Those with a concern for rural and remote health, for primary healthcare and public health, and for workforce sustainability have reason to worry about the long-term impact of Queensland Health upheavals.
In the article below, Professor Sabina Knight, director of the Mount Isa Centre for Rural and Remote Health of James Cook University, explains why she holds this view.
Following her piece is a statement from the Opposition Health and Ageing spokesman Peter Dutton congratulating the Queensland Government, as well as links to further reading.
Many harms likely to flow from Queensland cuts
Sabina Knight writes:
The Qld Health budget and associated broad staffing cuts may achieve short term gain but are unlikely to achieve long term gain.
The link to a cohesive strategy to build a more robust, sustainable health system and better health outcomes is far from clear.
Across-the-board cuts ignore regions of vulnerable or high to very high health need and particular regional public health challenges, such as infectious disease and higher rates of chronic disease. These necessitate surveillance and are amenable to public health interventions; while gains have been made, these are far from complete.
The redefinition of core primary healthcare services to exclude health promotion and public health is worrying.
The success of regionalisation and local control depends on effective central agency functions including quality technical support and leadership on prevention, public health, workforce, safety and quality.
A likely unintended consequence is the disappearance of health careers as an attractive option in a competitive labour market.
Generations of health professionals have not ever known job insecurity. In fact, an inordinate amount has been invested in education and training, and in attracting and retaining them. There is a significant risk this experience will generate a considerable backlash.
Given the five to ten year lead-time to produce a range of health professionals, the current policy appears short sighted, particularly when presented as a fiscal strategy unrelated to building a more sustainable system.
There are a plethora of reports on health reform that could have informed more coherent, sustainable approaches to reform.
The States previously rejected the offer to hand over primary health care funding and policy to the Commonwealth – perhaps this is behind the current thinking? Certainly it is timely that the issue be revisited within the context of the COAG agenda.
• Professor Sabina Knight is director of the Mount Isa Centre for Rural and Remote Health, James Cook University
Statement from Peter Dutton
Shadow Minister for Health and Ageing, Federal Member for Dickson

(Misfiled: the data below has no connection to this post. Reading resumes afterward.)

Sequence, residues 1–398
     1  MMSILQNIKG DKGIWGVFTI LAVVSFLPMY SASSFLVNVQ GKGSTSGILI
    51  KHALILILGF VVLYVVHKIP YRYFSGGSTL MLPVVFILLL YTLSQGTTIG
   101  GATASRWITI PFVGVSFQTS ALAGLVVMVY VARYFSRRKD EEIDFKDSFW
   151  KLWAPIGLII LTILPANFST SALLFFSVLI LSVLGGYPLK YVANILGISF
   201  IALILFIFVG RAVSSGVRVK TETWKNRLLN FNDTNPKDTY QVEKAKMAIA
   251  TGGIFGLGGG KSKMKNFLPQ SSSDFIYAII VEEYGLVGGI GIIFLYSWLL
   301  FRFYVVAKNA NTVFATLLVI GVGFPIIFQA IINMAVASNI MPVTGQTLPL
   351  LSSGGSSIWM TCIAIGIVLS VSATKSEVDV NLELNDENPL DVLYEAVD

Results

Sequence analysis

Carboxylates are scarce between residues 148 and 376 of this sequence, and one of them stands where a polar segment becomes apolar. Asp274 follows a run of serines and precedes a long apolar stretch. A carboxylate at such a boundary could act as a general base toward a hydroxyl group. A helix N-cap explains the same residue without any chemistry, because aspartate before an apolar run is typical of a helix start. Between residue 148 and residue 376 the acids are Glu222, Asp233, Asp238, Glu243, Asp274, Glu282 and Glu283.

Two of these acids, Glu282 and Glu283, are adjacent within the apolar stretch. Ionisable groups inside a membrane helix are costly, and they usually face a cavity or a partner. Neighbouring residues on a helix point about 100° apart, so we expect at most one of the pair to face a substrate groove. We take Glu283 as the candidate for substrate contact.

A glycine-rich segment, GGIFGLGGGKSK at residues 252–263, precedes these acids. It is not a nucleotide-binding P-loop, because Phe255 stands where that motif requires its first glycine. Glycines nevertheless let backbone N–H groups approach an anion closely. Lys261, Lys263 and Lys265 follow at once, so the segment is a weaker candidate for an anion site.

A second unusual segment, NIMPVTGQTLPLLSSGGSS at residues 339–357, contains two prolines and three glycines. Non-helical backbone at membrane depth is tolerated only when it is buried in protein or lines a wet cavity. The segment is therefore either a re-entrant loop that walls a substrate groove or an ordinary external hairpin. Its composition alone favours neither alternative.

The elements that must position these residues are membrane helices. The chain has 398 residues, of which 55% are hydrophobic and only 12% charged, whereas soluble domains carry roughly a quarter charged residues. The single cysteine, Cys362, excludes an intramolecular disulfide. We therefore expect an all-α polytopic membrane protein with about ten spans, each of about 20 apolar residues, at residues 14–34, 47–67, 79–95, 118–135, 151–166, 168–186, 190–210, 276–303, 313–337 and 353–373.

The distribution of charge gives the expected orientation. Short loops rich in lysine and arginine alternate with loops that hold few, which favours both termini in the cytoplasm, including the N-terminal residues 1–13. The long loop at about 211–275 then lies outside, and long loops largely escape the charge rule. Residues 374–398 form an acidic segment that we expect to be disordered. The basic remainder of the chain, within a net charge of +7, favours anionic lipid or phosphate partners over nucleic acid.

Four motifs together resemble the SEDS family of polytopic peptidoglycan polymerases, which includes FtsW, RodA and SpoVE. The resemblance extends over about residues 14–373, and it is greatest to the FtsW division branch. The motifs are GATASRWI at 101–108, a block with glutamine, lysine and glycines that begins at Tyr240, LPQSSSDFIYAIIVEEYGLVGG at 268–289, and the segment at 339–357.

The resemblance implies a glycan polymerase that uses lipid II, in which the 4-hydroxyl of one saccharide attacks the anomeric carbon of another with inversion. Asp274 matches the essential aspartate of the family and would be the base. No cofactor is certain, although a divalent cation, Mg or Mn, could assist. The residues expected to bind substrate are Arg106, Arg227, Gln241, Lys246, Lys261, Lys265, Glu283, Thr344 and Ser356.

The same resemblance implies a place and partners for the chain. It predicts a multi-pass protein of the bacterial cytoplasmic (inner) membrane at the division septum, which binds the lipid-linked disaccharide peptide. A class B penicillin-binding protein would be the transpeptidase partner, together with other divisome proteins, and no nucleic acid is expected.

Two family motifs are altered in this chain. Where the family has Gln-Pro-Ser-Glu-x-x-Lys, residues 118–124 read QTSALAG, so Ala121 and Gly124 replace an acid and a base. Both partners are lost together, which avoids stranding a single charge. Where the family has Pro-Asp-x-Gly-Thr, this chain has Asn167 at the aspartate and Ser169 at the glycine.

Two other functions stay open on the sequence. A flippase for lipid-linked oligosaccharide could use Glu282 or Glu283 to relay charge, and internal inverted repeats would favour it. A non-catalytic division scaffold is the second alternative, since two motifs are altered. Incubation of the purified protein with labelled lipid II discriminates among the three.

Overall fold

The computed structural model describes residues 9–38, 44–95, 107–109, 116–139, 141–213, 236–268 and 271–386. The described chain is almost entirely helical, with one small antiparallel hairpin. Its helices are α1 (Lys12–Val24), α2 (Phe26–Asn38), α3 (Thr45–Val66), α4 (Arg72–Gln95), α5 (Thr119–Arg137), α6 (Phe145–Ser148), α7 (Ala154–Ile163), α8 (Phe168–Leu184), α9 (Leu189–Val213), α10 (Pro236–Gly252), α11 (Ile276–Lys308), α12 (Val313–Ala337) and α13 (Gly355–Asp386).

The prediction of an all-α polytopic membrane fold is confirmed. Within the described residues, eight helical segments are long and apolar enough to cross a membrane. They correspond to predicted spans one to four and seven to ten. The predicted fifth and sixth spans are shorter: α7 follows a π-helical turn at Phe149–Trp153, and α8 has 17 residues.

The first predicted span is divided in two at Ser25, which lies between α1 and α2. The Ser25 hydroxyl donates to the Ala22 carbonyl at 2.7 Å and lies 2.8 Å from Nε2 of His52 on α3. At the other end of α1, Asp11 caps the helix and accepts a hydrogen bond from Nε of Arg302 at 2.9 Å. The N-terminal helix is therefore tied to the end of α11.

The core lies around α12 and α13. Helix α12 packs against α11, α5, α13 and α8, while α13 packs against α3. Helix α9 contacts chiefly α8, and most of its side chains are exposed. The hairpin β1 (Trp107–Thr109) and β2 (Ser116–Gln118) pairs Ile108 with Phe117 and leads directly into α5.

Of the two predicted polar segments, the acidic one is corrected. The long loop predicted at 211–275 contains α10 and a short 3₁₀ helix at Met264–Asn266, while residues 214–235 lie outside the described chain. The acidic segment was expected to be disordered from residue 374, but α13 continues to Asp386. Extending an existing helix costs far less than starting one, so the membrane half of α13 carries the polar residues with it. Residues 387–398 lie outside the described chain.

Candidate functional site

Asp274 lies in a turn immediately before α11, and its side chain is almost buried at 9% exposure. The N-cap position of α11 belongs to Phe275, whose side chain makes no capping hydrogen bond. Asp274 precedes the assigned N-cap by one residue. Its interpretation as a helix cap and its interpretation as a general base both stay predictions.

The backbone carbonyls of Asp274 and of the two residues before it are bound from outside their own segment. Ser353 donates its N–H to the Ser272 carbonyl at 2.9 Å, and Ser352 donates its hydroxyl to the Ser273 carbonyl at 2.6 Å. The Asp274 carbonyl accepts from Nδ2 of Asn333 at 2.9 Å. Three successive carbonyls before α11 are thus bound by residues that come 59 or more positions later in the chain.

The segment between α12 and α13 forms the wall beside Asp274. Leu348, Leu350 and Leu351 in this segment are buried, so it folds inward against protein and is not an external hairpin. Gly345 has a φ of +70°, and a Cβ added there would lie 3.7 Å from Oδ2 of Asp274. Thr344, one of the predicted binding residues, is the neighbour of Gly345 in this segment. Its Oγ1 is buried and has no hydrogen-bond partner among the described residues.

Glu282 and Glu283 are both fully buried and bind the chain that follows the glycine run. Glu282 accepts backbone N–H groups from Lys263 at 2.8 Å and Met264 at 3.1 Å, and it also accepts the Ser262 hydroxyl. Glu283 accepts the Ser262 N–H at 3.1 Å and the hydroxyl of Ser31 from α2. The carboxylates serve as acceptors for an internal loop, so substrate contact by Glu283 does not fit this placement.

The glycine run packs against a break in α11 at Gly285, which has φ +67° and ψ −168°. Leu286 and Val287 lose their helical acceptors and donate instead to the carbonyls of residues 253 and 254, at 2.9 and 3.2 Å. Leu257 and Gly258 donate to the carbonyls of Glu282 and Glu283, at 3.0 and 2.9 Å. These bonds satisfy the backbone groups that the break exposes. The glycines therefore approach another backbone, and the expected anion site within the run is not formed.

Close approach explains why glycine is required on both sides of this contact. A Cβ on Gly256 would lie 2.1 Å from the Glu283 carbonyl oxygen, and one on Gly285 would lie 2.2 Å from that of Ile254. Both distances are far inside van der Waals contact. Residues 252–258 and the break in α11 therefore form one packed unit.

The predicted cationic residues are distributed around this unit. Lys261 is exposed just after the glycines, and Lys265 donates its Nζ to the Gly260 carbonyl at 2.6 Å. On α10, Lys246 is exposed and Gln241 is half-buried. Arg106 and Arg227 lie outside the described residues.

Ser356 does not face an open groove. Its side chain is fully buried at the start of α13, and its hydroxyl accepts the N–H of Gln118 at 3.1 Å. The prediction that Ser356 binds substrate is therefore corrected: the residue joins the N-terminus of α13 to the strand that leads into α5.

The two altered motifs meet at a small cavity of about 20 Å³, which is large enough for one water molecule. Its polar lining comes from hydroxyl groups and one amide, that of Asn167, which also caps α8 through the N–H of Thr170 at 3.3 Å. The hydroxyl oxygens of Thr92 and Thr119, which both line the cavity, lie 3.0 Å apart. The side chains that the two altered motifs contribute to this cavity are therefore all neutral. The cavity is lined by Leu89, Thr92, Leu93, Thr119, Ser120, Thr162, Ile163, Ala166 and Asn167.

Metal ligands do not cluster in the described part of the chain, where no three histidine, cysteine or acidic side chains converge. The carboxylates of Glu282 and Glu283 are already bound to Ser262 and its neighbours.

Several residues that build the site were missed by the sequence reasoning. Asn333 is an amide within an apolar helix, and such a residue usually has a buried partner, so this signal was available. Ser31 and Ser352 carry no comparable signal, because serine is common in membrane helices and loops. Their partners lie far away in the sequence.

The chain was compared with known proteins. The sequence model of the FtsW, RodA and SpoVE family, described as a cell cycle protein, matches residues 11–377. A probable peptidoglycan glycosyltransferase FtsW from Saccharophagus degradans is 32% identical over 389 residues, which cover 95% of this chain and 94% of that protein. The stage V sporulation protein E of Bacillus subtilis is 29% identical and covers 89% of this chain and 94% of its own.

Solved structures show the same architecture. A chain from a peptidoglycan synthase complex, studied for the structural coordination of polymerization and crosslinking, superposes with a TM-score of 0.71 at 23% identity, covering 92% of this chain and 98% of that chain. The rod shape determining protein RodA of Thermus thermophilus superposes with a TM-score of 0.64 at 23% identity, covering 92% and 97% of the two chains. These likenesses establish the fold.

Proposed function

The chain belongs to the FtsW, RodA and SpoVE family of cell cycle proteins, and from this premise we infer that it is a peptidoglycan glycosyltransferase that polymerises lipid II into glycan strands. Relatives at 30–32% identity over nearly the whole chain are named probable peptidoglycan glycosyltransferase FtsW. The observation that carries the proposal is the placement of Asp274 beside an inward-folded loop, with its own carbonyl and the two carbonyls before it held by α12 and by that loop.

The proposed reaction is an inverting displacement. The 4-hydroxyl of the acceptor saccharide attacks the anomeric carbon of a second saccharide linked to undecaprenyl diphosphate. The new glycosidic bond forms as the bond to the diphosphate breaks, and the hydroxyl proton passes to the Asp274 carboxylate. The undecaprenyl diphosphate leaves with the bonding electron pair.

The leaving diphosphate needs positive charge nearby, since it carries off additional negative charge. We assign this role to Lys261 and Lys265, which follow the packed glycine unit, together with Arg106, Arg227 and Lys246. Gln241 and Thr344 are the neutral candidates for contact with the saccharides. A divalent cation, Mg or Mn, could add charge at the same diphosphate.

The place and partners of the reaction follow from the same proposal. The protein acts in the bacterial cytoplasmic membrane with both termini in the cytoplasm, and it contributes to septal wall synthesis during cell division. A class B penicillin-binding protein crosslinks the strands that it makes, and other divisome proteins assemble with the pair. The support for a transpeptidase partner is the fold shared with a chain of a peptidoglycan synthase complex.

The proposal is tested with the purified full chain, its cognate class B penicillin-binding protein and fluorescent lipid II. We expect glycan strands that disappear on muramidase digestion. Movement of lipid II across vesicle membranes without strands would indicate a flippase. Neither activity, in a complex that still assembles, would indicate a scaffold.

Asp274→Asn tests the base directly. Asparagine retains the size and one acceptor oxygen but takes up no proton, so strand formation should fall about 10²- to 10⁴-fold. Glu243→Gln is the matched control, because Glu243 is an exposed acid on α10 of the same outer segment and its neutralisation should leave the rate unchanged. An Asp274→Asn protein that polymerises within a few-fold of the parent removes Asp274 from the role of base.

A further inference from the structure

Federal Shadow Health Minister, Peter Dutton, today congratulated the Queensland Health Minister, on reviving Queensland Health and putting the system back on track with an $800m investment and a strategy of getting more money to front line services.
“Queensland Health was a basket case under Labor and it was in a death spiral. Lawrence Springborg is getting Queensland Health back on its feet and in time Mums and Dads in emergency departments and pensioners on waiting lists will be thanking the Newman Government for spending more on patients,” Mr Dutton said.
Mr Dutton also questioned why Tanya Plibersek had only recently become interested in Queensland Health.
“Where were Tanya Plibersek and the unions when Labor was ripping the guts out of Queensland health workers and their families during the worlds longest pay debacle? Tanya Plibersek can cry all the crocodile tears she likes, but in adding thousands of extra staff in the bureaucracy, the Minister has taken money away from patient services,” Mr Dutton said.
Mr Dutton was not surprised that Tanya Plibersek is attached to Labor’s Queensland legacy which is strikingly similar to Federal Labor’s record.
“Gillard Labor has followed Bligh Labor in bloating the bureaucracy, which results in doctors and nurses being starved of money and patients missing out on essential services. Labor are great at building bureaucracies and hopeless at delivering services and health outcomes for patients,” Mr Dutton said.
Minister Springborg and the Newman Government have done what Liberal-National Governments do – they clean up Labor messes. Labor taxes and spends and wastes money.
Conservative Governments pay back their debt and get services back on track.
“There’s only so much money in the pie. You can take Labor’s path and spend taxpayers money on shiny towers housing public servants or you can take the Liberal way and spend it on helping doctors and nurses deliver for patients,” Mr Dutton said.
• Meanwhile the Courier Mail reports that Dr Wendell Rosevear has resigned in protest from the State’s new ministerial advisory committee on HIV/AIDS. In his resignation letter, Dr Rosevear said the Government had delivered a “king hit” to the gay community by stripping peak body Queensland Association for Healthy Communities of funding with little consultation, then effectively silencing other groups under new funding rules. The rules forbid non-profits from agitating for state or federal law changes if their group receives half or more of its funding from Queensland Health and other state agencies.
Previous Croakey coverage of the Qld Health Budget
• Queensland Government’s health cuts are lazy, harmful, and short-sighted, to mention just some of the adjectives
Philip Darbyshire, Daryl Sadgrove
• Qld Health may be far from perfect but the changes are also problematic
Dr Mark Bahnisch
• Various perspectives on the cuts, and their implications – especially for public and health promotion
Mike Daube, Jack Bulman, Vern Hughes, Peter Davoren, Tim Senior, Jane Barry and others